High Hopes for Silverlight 2.0

Let me start out by admitting that I haven’t done a whole lot of client-side scripting. I’ve written a few DHTML scripts in vbscript and in jscript, but I haven’t written a hard core Ajax application.

That said, the RIA (Rich Internet Application) technology has always seemed terribly crude to me compared to what’s available for thick clients and for server-side web applications. As I’ve mentioned in previous posts, I find .NET incredibly productive for writing Winforms (thick client) applications. I’ve written some ASP.NET code, too, and I think that Microsoft has done a good job of providing a reasonable continuum between how one writes Winforms and Webforms (server-based Internet) applications. Both approaches rely on event-driven programming and both let you use visual tools to design forms/pages and to hook them up with code.

When I wrote ASP.NET applications, I was happy to be able to use the Web as a delivery mechanism and I was happy to not have to worry about writing installers and updating customer software. On the other hand, I was never happy with the quality of the end-user experience (the web UI) compared to what was possible with a thick client. The page oriented nature of Web applications resulted in poor user feedback. I felt like I was, once again, running IBM 3270 CICS applications as I did in the 70’s.

Keep in mind that one of the great benefits of cheap computing power is the luxury of using that power to provide kestroke-level interactivity. The best examples of this are Intellisense in Visual Studio or on-the-fly spell check in word processors. With slower CPUs, UI validation and other operations were typically only performed during focus transitions (for example, when the user tabbed from field to cield). With even slower CPUs, validation was only performed at the transaction level (when the user pressed OK to submit the form/dialog).

With crude Web-based apps, it doesn’t matter that you’re running a two-processor, quad-core, system; validation only happens when you press OK (or for the leather crowd, Submit).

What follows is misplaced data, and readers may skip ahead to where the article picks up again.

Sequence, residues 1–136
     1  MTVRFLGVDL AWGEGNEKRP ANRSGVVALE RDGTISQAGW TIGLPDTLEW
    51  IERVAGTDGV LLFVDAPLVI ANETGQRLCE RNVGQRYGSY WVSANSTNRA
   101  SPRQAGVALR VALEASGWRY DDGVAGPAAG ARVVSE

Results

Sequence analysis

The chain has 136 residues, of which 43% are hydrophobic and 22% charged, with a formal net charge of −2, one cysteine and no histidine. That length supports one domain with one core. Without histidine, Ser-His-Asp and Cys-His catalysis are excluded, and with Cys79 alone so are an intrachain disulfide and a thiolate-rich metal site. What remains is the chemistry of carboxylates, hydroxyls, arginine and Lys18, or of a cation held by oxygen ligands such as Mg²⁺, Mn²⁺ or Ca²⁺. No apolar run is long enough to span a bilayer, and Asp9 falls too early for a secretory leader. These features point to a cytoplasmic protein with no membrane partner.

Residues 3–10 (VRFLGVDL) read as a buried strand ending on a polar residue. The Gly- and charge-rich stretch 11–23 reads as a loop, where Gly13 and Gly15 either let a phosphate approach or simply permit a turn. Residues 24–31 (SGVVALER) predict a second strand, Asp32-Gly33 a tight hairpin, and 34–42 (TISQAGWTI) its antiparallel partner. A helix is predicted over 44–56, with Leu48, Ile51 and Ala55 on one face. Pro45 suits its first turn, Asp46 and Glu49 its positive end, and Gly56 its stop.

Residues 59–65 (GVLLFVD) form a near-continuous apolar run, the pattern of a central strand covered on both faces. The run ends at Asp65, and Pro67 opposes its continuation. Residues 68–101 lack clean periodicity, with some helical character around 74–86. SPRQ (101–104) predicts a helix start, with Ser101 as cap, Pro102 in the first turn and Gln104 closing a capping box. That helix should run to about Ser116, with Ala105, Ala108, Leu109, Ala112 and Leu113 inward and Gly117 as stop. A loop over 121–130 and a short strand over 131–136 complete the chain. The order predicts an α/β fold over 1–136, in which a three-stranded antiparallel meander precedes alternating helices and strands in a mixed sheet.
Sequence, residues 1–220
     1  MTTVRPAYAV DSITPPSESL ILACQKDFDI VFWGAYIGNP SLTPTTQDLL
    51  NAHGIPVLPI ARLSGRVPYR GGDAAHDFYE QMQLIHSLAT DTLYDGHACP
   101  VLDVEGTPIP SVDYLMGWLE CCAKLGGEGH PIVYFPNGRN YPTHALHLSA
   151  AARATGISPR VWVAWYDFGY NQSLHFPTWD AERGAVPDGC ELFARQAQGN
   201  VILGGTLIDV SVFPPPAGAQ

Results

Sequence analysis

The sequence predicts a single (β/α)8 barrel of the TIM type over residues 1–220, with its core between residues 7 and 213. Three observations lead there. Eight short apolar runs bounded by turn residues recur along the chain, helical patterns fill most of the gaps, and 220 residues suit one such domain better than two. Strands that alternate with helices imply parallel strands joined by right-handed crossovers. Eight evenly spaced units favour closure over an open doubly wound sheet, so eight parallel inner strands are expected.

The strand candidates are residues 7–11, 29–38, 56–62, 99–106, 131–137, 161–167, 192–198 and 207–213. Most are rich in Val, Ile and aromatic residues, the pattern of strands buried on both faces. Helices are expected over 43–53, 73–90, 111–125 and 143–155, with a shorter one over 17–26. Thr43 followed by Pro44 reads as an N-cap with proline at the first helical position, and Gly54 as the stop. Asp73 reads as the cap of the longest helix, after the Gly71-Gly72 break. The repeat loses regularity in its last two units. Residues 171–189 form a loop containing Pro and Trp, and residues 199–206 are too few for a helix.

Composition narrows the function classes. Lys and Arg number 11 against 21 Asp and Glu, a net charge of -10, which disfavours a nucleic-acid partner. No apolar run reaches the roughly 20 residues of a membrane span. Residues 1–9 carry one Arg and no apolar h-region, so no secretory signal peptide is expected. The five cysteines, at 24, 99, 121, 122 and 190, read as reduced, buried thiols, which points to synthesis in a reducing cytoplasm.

RIAs are supposed to solve this problem. BTW, I’m using RIA, because I want to talk about this without specifying a particular technology, just yet. A RIA, after all, could be implemented various ways:

  • As a java applet
  • As a Flash application
  • Using vbscript/jscript client-side scripts

I find something inherenly wrong with the first two approaches. Java applets are often plain old ugly. Your browser page marks off a big square while the browser goes off and loads some stuff that clearly belongs to another world. The buttons and fonts look wrong. Subtle things (menus, etc.) behave differently. Yuck. Flash applications are better looking, but I hate web sites that are 100% Flash. You find youself deep in the site and want to save a bookmark but, lo and behold, your URL is the same URL you started with. Everything you’ve done has taken place in Flash.

The last approach is the one taken by Ajax. You write conventional web applications (in Java or .Net or whatever) but the pages that you deliver to web browsers contain client-side scripts to provide a more keystroke interactive experience. If you’ve used recent versions of Google Mail or Yahoo or Hotmail, you’re experienced this approach. In addition to client-side scripting, Ajax also performs XML-based Web requests to “quietly” get additional information without having to perform disruptive page transitions.

The concept of client-side scripting is good. My objections to it are in its execution. Vbscript and jscript are poor substitutes for the full-fledged language features found in Java or .NET languages. Typelessness might be “in” with compiler developers but it results in tremendously flaky code. Additionally, the object model available to client-side scripts is the DHTML object model. DHTML might have been fine in 1998 but it’s very limiting 10 years later.

Silverlight 2.0 promises to change this. It will allow client-side scripting to be done with any .NET language. I am a C# fan, but you can use VisualBasic or PHP# or Python# or whatever other .NET language you like. Silverlight will provide a rich visual object model for UI programming. It provides a nice visual programming tool for UI design that’s based on XAML and the new Windows presentation layer.

While all of this sounds very Microsoft-centric (and undoubtedly, it will take a while for Firefox and Safari to catch up), Microsoft has tapped the Novell Mono folk to provide Moonlight – an implementation of Silverlight on non-Windows systems.

So far, I’ve mostly read about Silverlight 2.0. I hope to spend some time taking it through its paces, soon, and will report on this once I do. If Microsoft has provided a good continuum between Winforms, Webforms and Silverlight (not to mention Mobile apps), it will have truly accomplished a great thing.